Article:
Among those who spoke out during the tweetstorm was rapper MNEK, who is both black and gay, who wrote, “Ok so are you saying that LGBT people are exclusively white? that there’s no such thing as intersectionality? that fans of your music who are both black and lgbt, myself included, don’t understand black struggle either? i just want to be clear.”
.@Jhus ok so are you saying that LGBT people are exclusively white? that there’s no such thing as intersectionality? that fans of your music who are both black and lgbt, myself included, don’t understand black struggle either? i just want to be clear.
— thicc n tired (@MNEK) December 23, 2019
1) Black LGBT people exist
2) Many black lgbt people have fought for black liberation – James Baldwin, Angela Davis, Audre Lorde, to name a few
3) No one is forcing queerness on you. Ever been beaten up for being straight? No. But many gay & trans ppl are physically attacked
— silent nut, holy nut (@itsjacksonbbz) December 23, 2019
4) The reality is that being straight, or being cisgender, is actually forced on people. Otherwise gay people wouldn’t be scared to hold hands in public, whereas straight couples can do it without fear
— silent nut, holy nut (@itsjacksonbbz) December 23, 2019
This guy said black struggle like there aren’t LGBTQ black people
— choppers mum🦌 (@thatkaizoku) December 23, 2019
Two gay men in Zambia were arrested for having gay sex in a private hotel room, and the High Court of Zambia has now sentenced the men to 15 years in prison for being intimate behind closed doors.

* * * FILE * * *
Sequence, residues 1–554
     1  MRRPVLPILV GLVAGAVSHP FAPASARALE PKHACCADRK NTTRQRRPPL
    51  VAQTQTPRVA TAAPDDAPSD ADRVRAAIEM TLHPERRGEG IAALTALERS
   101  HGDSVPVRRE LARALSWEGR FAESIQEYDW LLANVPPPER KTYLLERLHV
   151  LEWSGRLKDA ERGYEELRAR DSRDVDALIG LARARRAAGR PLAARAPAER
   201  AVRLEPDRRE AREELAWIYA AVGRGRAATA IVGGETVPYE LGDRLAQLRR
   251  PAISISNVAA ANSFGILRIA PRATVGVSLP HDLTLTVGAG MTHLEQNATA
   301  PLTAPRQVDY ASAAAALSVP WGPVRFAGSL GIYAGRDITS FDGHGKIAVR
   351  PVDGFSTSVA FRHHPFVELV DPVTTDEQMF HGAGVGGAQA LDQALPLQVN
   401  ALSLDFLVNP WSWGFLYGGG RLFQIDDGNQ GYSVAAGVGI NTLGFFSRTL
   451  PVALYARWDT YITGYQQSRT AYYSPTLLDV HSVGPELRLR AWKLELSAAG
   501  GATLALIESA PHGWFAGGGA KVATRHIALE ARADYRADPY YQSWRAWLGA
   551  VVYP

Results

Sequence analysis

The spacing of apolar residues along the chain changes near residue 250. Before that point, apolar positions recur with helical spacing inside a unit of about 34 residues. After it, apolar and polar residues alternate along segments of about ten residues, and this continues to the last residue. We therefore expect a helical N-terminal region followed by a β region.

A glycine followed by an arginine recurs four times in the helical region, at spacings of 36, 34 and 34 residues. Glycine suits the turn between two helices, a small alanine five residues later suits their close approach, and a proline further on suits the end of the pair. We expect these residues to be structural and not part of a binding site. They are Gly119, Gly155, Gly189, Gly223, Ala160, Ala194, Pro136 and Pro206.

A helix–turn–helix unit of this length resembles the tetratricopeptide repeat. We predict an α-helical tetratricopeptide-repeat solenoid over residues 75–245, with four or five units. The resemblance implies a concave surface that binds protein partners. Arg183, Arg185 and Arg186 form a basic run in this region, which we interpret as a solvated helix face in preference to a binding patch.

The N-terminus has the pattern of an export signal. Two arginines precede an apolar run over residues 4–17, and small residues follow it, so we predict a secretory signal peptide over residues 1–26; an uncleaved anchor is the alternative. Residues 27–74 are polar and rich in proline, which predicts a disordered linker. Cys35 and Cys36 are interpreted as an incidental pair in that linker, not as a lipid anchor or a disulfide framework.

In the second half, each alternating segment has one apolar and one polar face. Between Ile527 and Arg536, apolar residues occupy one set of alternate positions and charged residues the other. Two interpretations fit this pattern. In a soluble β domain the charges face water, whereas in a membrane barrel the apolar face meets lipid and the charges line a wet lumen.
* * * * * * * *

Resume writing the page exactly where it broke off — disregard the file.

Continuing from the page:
The south-eastern African country, which retains its colonial-era laws, offers no legal protections for LGBTQ people.
The men, Japhet Chataba and Steven Samba, booked the room in 2017. According to reports, a female worker peeked through a window and saw the men being intimate.
Last week, a judge dismissed an appeal against their convictions for crimes against the order of nature (the legal term for gay sex in Zambia) sentencing them both to 15 years in prison.
The U.S. ambassador to Zambia, Daniel Foote, said in a statement: “I was personally horrified to read about the sentencing of two men, who had a consensual relationship, which hurt absolutely no one.”
Foote implored the government of Zambia to review the case but received a fervent backlash for speaking out.
In an official embassy statement, Foote announced he was forced to cancel attending World AIDS Day events due to threats against him.
“I was shocked at the venom and hate directed at me and my country, largely in the name of “Christian” values, by a small minority of Zambians,” wrote the ambassador. “I thought, perhaps incorrectly, that Christianity meant trying to live like our Lord, Jesus Christ. I am not qualified to sermonize, but I cannot imagine Jesus would have used bestiality comparisons or referred to his fellow human beings as “dogs,” or “worse than animals;” allusions made repeatedly by your countrymen and women about homosexuals.”
Foote’s official statement also made mention of the $500 million in annual assistance Zambia receives from the United States saying, “In these countries were we contribute resources, this includes partnering in areas of mutual interest, and holding the recipient government accountable for its responsibilities under this partnership.”